Background: Observational studies have shown improvement in patients with type 2 diabetes mellitus after bariatric surgery.
Methods: In this randomized, nonblinded, single-center trial, we evaluated the efficacy of intensive medical therapy alone versus medical therapy plus Roux-en-Y gastric bypass or sleeve gastrectomy in 150 obese patients with uncontrolled type 2 diabetes. The mean (±SD) age of the patients was 49±8 years, and 66% were women. The average glycated hemoglobin level was 9.2±1.5%. The primary end point was the proportion of patients with a glycated hemoglobin level of 6.0% or less 12 months after treatment.
Results: Of the 150 patients, 93% completed 12 months of follow-up. The proportion of patients with the primary end point was 12% (5 of 41 patients) in the medical-therapy group versus 42% (21 of 50 patients) in the gastric-bypass group (P=0.002) and 37% (18 of 49 patients) in the sleeve-gastrectomy group (P=0.008). Glycemic control improved in all three groups, with a mean glycated hemoglobin level of 7.5±1.8% in the medical-therapy group, 6.4±0.9% in the gastric-bypass group (P<0.001), and 6.6±1.0% in the sleeve-gastrectomy group (P=0.003). Weight loss was greater in the gastric-bypass group and sleeve-gastrectomy group (-29.4±9.0 kg and -25.1±8.5 kg, respectively) than in the medical-therapy group (-5.4±8.0 kg) (P<0.001 for both comparisons). The use of drugs to lower glucose, lipid, and blood-pressure levels decreased significantly after both surgical procedures but increased in patients receiving medical therapy only. The index for homeostasis model assessment of insulin resistance (HOMA-IR) improved significantly after bariatric surgery. Four patients underwent reoperation. There were no deaths or life-threatening complications.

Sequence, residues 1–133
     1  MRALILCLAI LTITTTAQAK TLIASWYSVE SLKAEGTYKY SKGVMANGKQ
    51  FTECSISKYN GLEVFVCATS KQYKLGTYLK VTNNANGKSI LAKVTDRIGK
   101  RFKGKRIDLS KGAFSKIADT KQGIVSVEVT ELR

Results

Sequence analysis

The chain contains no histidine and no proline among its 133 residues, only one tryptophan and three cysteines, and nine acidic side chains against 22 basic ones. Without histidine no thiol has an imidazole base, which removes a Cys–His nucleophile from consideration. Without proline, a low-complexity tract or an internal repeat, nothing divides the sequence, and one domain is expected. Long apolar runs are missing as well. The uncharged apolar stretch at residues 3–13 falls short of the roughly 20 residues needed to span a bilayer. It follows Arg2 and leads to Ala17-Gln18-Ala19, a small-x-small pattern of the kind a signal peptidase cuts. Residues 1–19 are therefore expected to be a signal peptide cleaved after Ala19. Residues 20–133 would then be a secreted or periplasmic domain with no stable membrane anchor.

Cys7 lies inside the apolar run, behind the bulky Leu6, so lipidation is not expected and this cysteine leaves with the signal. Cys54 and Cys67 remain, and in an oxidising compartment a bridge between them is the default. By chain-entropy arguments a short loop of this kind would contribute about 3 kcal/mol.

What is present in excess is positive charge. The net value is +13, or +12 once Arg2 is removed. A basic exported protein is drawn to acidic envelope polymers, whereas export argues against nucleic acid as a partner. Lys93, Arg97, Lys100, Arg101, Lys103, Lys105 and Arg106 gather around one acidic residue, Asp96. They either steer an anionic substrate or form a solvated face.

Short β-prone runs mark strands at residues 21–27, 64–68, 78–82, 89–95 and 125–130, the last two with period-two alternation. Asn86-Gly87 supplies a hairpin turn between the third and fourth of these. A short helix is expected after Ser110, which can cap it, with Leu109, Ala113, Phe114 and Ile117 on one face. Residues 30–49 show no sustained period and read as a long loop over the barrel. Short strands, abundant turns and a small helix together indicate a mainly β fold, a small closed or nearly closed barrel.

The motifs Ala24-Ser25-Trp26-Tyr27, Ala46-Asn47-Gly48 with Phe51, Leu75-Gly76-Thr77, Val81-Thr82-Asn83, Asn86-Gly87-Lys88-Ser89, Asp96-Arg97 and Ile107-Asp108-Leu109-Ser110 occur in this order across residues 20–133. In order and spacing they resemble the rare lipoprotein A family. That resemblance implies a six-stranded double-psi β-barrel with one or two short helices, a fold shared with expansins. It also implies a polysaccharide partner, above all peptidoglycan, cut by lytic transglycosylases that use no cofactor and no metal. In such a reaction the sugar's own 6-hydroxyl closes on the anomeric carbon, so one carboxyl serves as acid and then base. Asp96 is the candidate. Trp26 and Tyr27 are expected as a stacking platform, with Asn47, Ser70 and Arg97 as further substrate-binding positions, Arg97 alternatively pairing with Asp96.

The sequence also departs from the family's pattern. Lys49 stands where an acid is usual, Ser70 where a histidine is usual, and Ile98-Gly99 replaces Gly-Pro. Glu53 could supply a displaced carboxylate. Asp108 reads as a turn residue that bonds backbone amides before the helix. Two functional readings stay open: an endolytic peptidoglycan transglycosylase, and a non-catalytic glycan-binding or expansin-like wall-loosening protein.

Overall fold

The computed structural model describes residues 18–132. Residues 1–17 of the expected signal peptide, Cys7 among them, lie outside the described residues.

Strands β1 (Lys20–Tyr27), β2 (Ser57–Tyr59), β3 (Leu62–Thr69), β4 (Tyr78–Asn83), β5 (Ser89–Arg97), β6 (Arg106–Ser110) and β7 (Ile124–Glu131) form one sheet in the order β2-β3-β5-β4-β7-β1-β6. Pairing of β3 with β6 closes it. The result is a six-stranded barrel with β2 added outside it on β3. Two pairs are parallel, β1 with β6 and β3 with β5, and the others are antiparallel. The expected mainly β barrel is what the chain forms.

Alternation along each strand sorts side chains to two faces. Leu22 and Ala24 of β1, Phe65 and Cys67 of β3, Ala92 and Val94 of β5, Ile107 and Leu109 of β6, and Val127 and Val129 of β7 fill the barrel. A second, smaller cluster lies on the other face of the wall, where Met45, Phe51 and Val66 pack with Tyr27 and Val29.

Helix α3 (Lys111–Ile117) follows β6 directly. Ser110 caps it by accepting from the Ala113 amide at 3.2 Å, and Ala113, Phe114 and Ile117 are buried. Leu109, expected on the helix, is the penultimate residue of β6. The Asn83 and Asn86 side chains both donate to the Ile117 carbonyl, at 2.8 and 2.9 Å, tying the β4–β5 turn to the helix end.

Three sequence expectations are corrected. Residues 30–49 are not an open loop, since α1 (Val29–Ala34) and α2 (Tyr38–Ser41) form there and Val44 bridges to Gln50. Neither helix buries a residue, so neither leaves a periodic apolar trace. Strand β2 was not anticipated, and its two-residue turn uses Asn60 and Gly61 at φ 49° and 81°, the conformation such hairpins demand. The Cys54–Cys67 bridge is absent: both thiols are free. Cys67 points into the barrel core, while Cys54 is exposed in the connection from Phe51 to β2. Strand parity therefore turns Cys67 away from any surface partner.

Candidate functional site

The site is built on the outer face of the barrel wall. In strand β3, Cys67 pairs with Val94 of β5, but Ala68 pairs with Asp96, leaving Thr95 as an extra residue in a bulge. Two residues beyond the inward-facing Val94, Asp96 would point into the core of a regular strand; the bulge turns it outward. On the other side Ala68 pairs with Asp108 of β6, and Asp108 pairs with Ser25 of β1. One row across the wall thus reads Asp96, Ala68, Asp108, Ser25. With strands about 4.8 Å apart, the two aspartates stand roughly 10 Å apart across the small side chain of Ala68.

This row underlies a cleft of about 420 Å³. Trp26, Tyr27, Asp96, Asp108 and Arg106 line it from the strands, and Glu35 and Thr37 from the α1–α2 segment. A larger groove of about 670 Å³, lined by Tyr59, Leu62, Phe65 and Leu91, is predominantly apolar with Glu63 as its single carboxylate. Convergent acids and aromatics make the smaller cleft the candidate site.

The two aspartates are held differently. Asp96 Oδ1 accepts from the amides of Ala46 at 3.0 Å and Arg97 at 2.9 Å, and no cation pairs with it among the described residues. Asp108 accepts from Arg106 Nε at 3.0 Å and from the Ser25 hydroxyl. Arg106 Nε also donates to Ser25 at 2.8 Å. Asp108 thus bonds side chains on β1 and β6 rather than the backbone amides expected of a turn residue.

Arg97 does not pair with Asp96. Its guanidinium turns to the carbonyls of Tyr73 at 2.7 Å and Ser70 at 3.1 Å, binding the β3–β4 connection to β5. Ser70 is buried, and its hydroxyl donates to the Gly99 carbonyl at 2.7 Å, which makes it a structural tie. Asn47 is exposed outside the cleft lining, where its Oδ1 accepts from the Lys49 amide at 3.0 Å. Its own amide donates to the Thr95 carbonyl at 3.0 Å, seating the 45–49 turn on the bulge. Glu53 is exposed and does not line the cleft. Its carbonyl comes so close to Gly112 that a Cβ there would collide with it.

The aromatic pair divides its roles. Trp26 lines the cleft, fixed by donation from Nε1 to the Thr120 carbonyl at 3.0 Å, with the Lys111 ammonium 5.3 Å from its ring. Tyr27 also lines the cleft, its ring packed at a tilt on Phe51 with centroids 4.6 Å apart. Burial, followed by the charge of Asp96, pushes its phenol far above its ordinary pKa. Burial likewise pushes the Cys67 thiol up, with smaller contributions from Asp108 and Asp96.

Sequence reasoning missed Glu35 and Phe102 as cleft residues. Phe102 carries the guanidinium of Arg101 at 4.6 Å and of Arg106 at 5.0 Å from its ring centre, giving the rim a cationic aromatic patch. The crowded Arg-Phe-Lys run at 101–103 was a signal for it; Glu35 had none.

Conclusions: In obese patients with uncontrolled type 2 diabetes, 12 months of medical therapy plus bariatric surgery achieved glycemic control in significantly more patients than medical therapy alone. Further study will be necessary to assess the durability of these results. (Funded by Ethicon Endo-Surgery and others; ClinicalTrials.gov number, NCT00432809.).